A single-page flier produced by the Congressional Union for Woman Suffrage entitled, “Will the Federal Suffrage Amendment Complicate the Race Problem?” The flier uses population data from the 1910 census to argue that enfranchising women would not increase the proportion of the African American vote.
Manuscript that recollects when Governor Clarence D. Martin called out Portland's mayor at the time, Mayor Carson, on the pollution being dumped into the Willamette River. The document goes on to point out how this is a violation of state law. Portland was not the only area affected.
A single-page flier produced by the Congressional Union for Woman Suffrage entitled, “Women of America support the National Suffrage Amendment.” It features a map of the United States indicating where women could legally vote and the number of electoral votes by state.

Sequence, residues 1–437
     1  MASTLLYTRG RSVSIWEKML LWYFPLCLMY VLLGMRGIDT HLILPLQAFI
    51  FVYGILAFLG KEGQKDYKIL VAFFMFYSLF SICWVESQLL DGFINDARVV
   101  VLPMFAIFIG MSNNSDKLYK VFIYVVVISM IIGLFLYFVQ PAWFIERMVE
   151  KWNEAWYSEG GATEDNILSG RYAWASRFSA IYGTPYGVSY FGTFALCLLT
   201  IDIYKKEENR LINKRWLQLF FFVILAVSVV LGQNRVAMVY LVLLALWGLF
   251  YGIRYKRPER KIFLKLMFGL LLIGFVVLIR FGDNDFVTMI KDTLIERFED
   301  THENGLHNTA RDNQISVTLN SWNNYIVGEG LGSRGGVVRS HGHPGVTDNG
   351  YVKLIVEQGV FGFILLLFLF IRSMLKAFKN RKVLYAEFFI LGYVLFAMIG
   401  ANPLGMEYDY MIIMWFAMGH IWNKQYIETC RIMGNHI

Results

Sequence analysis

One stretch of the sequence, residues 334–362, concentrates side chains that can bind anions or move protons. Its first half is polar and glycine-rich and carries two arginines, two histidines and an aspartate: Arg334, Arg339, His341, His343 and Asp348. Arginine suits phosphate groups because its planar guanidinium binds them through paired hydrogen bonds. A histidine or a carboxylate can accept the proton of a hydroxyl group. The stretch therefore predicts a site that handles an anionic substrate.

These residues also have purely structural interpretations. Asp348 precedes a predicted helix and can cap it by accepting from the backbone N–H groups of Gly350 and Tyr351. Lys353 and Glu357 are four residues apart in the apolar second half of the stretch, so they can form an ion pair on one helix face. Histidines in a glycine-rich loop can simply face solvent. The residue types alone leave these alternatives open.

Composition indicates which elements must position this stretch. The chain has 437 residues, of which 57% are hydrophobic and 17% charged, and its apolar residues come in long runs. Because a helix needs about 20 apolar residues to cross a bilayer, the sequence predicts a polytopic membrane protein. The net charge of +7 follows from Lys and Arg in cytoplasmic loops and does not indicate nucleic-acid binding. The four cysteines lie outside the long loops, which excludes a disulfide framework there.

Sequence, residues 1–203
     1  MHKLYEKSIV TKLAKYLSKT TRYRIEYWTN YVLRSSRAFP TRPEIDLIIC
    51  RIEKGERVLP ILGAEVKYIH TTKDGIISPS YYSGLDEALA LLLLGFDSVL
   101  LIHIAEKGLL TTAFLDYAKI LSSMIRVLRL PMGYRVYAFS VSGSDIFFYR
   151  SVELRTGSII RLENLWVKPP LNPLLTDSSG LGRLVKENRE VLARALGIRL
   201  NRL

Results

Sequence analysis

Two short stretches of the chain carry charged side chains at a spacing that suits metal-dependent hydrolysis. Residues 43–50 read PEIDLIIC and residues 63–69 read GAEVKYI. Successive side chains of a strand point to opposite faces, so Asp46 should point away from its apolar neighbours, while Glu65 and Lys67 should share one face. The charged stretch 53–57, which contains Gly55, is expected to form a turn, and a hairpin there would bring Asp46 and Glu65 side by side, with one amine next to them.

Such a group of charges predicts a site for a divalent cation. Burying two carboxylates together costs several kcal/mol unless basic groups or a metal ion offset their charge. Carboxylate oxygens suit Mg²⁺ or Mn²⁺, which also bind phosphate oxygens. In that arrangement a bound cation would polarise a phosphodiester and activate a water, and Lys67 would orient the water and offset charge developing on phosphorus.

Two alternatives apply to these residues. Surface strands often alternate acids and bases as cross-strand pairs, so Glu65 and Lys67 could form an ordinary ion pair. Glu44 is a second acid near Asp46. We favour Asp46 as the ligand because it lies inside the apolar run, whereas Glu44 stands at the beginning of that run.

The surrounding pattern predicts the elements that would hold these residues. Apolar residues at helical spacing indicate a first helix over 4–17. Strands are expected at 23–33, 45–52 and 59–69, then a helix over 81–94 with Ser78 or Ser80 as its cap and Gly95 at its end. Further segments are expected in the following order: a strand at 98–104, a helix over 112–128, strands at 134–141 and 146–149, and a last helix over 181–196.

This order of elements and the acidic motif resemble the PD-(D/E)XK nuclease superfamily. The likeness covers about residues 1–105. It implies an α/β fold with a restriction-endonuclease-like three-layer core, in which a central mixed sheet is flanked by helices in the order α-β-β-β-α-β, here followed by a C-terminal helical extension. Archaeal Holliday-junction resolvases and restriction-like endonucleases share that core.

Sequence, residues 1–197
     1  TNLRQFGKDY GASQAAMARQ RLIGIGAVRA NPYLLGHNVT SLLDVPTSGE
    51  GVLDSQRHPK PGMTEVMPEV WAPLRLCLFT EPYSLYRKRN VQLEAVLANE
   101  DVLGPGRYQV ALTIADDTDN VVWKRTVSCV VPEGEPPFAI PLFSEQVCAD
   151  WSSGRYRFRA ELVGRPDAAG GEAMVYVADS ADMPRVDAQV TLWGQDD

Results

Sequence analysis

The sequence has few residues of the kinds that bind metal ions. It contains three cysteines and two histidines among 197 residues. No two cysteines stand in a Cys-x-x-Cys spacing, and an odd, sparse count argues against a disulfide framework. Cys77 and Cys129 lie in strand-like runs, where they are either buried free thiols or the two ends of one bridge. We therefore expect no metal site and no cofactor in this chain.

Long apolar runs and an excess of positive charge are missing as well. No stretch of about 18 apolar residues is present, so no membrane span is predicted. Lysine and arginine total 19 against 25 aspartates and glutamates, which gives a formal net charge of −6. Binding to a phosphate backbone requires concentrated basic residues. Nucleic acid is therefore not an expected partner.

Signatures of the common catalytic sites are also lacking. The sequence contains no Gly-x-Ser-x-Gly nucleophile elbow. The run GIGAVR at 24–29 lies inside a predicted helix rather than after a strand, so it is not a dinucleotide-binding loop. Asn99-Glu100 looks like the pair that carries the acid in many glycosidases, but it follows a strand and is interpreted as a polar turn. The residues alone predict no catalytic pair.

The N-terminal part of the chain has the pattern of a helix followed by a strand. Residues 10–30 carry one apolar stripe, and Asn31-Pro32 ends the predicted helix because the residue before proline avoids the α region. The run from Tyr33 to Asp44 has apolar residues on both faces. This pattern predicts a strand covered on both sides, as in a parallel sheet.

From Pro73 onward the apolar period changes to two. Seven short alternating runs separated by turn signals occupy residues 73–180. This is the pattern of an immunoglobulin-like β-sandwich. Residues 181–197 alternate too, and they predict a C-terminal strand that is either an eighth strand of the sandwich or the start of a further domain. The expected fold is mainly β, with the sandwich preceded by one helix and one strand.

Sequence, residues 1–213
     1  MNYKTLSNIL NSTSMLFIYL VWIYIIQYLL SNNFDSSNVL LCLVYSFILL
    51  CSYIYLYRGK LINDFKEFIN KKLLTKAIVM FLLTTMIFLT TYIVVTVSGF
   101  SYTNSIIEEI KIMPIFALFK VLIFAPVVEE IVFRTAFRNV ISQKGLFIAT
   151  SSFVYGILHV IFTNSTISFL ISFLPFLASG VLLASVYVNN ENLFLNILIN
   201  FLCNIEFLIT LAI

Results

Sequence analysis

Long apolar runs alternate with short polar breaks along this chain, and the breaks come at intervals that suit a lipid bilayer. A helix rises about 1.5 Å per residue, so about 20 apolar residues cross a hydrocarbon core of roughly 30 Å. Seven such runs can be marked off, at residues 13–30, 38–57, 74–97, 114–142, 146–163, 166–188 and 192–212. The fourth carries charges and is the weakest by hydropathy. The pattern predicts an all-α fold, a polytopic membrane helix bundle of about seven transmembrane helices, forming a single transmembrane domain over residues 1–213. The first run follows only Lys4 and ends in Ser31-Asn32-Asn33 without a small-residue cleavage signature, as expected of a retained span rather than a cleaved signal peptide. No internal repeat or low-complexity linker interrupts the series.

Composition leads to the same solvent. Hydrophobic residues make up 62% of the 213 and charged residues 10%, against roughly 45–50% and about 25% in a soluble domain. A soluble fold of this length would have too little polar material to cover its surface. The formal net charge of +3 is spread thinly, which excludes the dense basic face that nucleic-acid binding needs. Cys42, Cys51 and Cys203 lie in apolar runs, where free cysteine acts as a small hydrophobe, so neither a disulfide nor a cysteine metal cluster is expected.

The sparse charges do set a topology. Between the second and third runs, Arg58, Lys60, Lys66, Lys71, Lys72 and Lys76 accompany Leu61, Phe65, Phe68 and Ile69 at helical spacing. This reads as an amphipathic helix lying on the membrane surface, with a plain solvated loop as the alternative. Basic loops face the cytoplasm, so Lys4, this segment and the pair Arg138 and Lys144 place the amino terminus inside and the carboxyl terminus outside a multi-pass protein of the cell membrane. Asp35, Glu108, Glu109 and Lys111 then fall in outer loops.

The Urban League of Portland provided this explanation against staging minstrel shows and blackface in schools. It was published in the Oregon Education Journal, c.1950. Edwin “Bill” Berry, who would later become the Executive Director of the Chicago Urban League, included a note addressing the teachers and principals who were “deeply hurt when the matter is discussed with them.” The goal of the essay, Berry wrote, was to educate as many teachers as possible so that the League’s “efforts will be preventative rather than remedial.”